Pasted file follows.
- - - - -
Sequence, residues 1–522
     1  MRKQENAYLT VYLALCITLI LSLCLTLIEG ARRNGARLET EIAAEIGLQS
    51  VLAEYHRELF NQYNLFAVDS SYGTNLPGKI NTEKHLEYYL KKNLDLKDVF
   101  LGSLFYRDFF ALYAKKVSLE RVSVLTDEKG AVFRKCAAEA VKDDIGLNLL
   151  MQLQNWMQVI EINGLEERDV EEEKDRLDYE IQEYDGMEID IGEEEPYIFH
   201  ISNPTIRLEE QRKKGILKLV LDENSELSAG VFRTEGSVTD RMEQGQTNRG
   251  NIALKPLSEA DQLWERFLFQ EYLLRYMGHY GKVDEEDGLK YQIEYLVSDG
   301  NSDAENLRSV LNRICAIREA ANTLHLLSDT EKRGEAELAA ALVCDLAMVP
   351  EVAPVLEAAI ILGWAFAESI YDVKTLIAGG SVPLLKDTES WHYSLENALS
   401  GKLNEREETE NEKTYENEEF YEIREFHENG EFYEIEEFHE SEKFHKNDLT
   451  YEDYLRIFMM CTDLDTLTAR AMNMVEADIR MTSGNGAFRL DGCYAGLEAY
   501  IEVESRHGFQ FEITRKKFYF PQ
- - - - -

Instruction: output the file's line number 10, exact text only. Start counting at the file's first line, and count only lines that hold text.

   401  GKLNEREETE NEKTYENEEF YEIREFHENG EFYEIEEFHE SEKFHKNDLT